2) Nevertheless, God through Jesus Christ has created a body of disciples to wage war against Sin and Death with the full panoply of the armor of God, even to our own deaths—whether the death be literal or figurative, it will be death to this world.
Ephesians 6:10-18 is illustrious for its powerful description of the armor of God. Ephesians is not one of the strongly apocalyptic books of the New Testament, because it is not markedly future-oriented as are the undisputed letters of Paul; however, the author of Ephesians well identifies the apocalyptic world-view of the New Testament, writing of “the course of this world, following the prince of the power of the air, the spirit that is now at work in the children of disobedience” (Ephesians 2:1-2). Paul would say that we are all “the children of disobedience” because we are all “in Adam” (I Corinthians 15:22)—but Paul also says, “You are not in the flesh, you are in the Spirit” (Romans 8:9). In Romans 8 Paul proclaims the new life in Christ as a present reality even as he preserves the now-not yet dialectic so central to the Advent message. Paul is referring to baptism, in which God’s action counts for everything: God “ has qualified us to share in the inheritance of the saints in light. He has delivered us from the dominion of darkness and transferred us to the kingdom of his beloved Son” (Colossians 1:12-13).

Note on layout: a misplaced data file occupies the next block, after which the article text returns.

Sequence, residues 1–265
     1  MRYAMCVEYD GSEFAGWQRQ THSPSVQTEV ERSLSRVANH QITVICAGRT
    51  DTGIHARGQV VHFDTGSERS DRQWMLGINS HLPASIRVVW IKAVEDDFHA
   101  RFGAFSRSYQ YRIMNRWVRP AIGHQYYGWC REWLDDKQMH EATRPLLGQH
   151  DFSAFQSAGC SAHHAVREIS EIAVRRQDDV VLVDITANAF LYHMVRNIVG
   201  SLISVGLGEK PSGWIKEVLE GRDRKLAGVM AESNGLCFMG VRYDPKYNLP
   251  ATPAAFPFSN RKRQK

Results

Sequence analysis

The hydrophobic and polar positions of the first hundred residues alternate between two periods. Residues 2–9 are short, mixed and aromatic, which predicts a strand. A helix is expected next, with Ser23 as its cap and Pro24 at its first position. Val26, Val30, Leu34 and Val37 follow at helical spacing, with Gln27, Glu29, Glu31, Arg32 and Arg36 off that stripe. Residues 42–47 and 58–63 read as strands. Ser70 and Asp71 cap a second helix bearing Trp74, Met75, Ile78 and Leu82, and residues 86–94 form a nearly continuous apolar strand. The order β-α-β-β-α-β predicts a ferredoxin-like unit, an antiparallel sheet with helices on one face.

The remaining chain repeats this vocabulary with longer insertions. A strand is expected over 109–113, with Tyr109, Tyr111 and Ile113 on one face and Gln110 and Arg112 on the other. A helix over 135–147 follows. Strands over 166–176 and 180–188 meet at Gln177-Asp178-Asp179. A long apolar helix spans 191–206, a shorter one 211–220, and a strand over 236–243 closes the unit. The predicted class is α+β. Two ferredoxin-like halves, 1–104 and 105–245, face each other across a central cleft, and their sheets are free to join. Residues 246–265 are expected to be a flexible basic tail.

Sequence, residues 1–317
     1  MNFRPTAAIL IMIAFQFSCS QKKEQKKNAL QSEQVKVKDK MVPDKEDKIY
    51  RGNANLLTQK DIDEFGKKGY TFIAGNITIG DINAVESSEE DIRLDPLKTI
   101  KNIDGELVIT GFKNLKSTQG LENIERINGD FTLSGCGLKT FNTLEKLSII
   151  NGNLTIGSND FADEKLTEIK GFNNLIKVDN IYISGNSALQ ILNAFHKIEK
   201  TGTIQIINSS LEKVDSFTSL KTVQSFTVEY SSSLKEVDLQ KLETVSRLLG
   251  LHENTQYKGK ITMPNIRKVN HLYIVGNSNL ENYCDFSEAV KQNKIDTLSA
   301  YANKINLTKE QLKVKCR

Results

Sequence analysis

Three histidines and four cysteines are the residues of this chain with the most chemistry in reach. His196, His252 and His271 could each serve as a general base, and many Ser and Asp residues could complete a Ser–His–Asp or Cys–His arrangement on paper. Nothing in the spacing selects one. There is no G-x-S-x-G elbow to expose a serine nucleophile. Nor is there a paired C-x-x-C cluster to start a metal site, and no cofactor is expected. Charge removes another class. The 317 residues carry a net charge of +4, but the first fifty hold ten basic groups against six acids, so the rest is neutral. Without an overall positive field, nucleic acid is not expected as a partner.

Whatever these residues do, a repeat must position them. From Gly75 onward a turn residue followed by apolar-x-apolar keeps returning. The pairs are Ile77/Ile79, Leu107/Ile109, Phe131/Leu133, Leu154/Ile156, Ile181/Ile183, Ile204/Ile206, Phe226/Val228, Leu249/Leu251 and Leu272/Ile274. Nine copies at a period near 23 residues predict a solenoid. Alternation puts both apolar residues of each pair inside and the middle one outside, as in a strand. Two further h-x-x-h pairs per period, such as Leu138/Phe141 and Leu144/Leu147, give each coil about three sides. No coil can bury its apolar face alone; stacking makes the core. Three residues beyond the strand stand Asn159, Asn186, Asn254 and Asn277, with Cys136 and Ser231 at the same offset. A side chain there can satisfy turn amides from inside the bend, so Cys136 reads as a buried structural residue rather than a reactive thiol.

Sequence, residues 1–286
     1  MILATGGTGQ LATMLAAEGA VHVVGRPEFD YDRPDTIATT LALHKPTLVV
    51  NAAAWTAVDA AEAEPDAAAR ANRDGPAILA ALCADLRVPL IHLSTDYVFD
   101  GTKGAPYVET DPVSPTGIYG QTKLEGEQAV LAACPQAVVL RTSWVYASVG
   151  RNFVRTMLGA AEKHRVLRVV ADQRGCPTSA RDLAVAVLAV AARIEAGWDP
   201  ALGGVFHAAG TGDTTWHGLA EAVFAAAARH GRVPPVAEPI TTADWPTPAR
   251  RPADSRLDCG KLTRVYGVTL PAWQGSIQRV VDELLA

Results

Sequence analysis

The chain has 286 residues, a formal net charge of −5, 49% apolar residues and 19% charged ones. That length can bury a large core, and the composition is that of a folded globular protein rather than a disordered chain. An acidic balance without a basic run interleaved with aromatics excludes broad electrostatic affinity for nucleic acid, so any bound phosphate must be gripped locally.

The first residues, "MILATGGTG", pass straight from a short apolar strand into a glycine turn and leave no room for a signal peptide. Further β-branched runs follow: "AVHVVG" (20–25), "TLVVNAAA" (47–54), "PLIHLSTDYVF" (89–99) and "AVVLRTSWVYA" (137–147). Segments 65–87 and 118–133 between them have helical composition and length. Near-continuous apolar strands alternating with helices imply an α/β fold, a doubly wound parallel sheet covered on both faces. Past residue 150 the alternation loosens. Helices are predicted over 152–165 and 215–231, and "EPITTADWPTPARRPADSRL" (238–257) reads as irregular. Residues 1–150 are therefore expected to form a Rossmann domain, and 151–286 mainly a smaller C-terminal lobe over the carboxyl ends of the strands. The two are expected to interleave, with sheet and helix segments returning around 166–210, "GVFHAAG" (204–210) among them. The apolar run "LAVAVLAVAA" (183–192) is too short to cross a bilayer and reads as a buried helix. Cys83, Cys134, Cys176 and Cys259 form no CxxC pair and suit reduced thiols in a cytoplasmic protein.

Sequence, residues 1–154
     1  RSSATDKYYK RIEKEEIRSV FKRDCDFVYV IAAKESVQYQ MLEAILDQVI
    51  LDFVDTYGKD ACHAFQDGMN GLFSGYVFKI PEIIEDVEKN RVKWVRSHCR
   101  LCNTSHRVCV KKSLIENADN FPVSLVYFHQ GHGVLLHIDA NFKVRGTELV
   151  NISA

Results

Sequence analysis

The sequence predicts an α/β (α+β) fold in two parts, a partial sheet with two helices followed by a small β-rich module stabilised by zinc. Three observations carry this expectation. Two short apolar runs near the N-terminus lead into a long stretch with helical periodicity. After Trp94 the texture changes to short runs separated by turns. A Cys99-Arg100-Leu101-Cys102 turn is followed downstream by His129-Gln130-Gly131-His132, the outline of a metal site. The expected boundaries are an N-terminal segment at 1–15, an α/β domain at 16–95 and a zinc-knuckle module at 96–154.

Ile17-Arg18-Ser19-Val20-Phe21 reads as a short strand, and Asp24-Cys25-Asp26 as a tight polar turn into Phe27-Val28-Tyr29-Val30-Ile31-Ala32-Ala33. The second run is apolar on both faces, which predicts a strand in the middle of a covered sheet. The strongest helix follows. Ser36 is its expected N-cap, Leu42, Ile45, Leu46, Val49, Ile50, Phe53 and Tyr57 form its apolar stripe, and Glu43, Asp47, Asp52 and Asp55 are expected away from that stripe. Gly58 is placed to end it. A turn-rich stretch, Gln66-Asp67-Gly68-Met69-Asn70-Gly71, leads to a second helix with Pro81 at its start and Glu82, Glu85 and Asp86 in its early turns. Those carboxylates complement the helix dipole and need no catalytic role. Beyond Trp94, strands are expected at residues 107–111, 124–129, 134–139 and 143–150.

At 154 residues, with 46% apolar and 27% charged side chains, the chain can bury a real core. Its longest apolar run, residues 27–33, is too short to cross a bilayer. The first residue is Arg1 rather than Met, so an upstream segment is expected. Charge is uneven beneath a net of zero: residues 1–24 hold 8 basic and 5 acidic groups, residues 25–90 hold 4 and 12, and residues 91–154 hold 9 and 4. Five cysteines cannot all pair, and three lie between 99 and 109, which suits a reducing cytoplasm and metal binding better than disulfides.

The best imagery therefore for Advent is that of underground resistance against the “dominion of darkness.” We do not belong to the darkness, not because we are righteous, but because God is righteous.
There is a passage well known to Pauline scholars but somewhat neglected in the churches. It is referred to as the hos me (“as though not”) passage in I Corinthians 7:25-31. This is the classic now/not yet passage. Paul teaches that every Christian—and every Christian community—is to live in this world “as though not” living in it, “for the form of this world is passing away.” What a challenge to preach! I have never done so. Perhaps I will do so this season.
Latest Tips From the Times
I am shifting to Twitter!
Monday, January 23, 2017I have decided to stop writing for this "Tips from the Times" feature on my website. From now on, I will simply reTweet articles that I think are notable, trying to be selective and not send too many. I have really enjoyed doing Tips, and I think there are some good pieces in my Tips archives, but I am spending too much time on it and--as we all know by now--Twitter is easier and more efficient, if not exactly mind-stretching! I will be able to put more effort into Ruminations. Many thanks to all my readers.
Yorkminster Baptist Church, Toronto